Editor’s Note: A previous version of this story reported Mayor Muller’s remarks regarding new hotels set to open soon. The city has clarified that the hotels will open in the coming years.
By Breeana Greenberg
Dana Point held its annual State of the City on Wednesday, May 11, providing updates on the city’s progress and investment in arts and culture, as well as celebrating community members who have helped to shape it.
Mayor Joe Muller hosted the event, which featured a video presentation and panel. The event’s theme, “Shaping Our Community,” centered around the business leaders and community leaders bringing new events and development to the city.
Ahead of the video presentation, Muller provided an update on the city’s budget, development, and environmental and philanthropic efforts.
This year, 77,557 square feet of new commercial and retail space is being developed in the city with the aim of attracting new businesses and restaurants, and giving existing businesses in Dana Point the chance to expand, according to Muller.
According to Muller and the city, seven new hotels that are soon expected to open will bring in 655 additional beds.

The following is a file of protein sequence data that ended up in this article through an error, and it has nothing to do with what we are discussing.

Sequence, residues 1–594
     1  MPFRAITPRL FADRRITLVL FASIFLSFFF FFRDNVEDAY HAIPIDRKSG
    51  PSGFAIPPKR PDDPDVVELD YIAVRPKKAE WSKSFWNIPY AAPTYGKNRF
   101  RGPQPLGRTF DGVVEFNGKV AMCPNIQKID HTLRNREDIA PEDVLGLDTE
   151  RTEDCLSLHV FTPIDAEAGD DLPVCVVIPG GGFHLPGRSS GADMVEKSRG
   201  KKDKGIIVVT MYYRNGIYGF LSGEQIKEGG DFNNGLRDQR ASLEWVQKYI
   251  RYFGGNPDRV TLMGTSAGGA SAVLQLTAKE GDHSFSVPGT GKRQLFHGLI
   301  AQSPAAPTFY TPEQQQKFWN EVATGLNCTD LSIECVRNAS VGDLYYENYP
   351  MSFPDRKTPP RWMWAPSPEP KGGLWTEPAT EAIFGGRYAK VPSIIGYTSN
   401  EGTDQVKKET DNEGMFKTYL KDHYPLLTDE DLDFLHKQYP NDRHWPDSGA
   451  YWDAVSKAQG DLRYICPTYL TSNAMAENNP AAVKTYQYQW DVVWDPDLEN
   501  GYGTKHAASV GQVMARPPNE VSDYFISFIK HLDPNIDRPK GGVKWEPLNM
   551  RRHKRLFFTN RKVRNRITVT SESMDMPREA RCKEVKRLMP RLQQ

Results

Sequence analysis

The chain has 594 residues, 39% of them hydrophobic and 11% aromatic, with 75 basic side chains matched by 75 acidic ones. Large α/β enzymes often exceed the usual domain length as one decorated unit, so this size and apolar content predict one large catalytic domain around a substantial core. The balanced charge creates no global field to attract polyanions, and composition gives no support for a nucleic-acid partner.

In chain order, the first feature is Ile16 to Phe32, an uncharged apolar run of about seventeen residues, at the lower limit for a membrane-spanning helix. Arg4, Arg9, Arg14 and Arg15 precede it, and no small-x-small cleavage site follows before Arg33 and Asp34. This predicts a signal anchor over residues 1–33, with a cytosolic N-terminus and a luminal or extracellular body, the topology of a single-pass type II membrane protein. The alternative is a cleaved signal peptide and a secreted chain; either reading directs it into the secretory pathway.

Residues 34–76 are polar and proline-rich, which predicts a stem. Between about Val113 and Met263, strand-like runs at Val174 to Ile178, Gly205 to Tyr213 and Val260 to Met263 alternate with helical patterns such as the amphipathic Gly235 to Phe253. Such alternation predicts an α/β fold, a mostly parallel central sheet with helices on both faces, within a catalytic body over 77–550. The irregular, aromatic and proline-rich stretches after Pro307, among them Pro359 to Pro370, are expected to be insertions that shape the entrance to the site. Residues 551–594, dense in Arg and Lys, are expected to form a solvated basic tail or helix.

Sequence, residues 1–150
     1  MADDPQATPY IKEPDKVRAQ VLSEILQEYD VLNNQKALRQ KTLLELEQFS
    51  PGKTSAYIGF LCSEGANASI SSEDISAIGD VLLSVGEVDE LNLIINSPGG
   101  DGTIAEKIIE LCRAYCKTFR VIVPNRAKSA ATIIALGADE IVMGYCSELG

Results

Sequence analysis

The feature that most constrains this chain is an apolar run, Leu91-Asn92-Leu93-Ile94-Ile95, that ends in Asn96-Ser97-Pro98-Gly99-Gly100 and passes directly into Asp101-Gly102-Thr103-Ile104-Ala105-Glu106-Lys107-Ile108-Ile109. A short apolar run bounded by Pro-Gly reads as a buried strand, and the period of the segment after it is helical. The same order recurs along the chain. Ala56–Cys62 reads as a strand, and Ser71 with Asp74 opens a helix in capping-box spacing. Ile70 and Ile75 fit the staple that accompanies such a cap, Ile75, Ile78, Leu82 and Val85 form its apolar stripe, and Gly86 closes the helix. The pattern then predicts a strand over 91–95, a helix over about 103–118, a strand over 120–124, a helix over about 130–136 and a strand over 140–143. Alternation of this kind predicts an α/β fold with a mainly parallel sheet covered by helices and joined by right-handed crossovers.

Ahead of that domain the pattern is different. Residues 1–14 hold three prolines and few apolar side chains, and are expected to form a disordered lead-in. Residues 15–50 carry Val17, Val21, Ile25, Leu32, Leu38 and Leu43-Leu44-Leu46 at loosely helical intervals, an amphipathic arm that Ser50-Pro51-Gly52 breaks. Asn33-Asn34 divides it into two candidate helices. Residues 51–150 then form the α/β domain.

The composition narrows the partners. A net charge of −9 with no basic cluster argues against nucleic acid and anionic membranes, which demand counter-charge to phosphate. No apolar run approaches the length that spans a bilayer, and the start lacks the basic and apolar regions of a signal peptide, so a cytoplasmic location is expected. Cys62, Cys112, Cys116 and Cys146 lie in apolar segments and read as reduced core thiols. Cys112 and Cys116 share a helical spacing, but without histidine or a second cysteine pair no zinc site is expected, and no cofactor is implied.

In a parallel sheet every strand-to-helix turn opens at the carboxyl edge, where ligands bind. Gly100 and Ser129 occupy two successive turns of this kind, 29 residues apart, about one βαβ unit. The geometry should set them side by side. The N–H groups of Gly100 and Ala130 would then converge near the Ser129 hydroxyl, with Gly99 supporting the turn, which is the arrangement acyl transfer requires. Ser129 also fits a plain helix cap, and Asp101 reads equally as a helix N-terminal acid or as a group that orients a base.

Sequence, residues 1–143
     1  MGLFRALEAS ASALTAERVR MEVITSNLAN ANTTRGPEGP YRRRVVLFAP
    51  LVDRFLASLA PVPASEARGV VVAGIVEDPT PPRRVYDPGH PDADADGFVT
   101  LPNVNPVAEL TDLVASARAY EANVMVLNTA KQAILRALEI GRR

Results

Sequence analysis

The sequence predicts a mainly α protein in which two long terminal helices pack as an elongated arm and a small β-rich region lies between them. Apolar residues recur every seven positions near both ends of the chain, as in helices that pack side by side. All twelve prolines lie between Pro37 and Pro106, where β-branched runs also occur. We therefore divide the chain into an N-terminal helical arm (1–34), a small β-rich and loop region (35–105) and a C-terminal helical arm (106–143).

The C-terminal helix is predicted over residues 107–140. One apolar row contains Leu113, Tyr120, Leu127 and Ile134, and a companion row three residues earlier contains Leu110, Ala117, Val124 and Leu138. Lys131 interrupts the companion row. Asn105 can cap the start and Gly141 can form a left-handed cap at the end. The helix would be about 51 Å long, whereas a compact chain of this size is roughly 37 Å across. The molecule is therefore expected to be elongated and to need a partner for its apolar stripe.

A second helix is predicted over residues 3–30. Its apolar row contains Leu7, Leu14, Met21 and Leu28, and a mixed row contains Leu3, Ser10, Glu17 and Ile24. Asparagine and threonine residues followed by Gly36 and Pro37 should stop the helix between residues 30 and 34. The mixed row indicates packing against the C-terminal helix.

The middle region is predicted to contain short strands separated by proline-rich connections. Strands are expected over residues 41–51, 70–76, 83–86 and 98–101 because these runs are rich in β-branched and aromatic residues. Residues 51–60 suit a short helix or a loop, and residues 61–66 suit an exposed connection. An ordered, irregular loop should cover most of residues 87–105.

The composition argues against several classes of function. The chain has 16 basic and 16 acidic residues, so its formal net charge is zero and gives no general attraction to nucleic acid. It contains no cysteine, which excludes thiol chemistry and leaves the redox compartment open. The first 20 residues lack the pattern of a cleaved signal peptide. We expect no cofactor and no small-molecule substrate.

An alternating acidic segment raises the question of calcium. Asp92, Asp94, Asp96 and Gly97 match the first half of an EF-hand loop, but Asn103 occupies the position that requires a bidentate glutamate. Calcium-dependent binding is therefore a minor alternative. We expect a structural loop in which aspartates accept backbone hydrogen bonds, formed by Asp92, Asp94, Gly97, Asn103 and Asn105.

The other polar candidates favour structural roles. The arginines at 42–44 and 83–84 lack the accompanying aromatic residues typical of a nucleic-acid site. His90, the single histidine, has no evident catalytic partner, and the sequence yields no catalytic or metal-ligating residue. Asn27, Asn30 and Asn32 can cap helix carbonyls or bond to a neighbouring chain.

Transient occupancy tax, the city’s biggest revenue generator, is projected to bring in $11 million this fiscal year, according to the city’s budget.
Additionally, the Ohana Festival brought in $36 million, selling 72,500 tickets for the two-weekend event this past fall. The city’s trolley also saw 71,661 boardings last year.
Muller also stated that the city’s reserves and economic uncertainty account is at 100%.
“What that means is through this whole pandemic, we were able to replenish our accounts already, and then stay fiscally sound,” he said. “So, if it happens again, we’ll be OK.”
The city is also building three Monarch butterfly habitats around the city to protect the vulnerable population of the migratory species.
“As most of you know, the Monarch butterfly, their population has been decimated by habitat encroachment and environmental issues,” Muller said. “So, this is what we’re trying to do for Dana Point. Part of our city is named after the Monarch butterfly, Monarch Beach. So, we’re very excited about that.”
Muller added that 500 whales were seen this year off Dana Point’s coast, and 2,210 pounds of trash was cleaned from the harbor and beaches through Vicki Patterson’s organization, Stand Up to Trash.
The video presentation highlighted Dana Point’s surf and fishing culture, featuring local surf icons Joyce Hoffman and Jean Pierre “The Fly” Van Swae, and Donna Kalez of Dana Wharf Sportfishing & Whale Watching.
Also featured in the video were events, such as the REDO Vintage & Maker’s Market, and the residential development of Prado West that have brought the Town Center Plan of a pedestrian-friendly community to life.
The video provided an update on the Seaside Inn renovations, aiming to be “an elevated Spanish Hacienda” with 30 rooms.
And it further highlighted local business owner Jason Spates of Doheny Bike and his philanthropic efforts in the city, donating helmets and toys through the city’s youth board.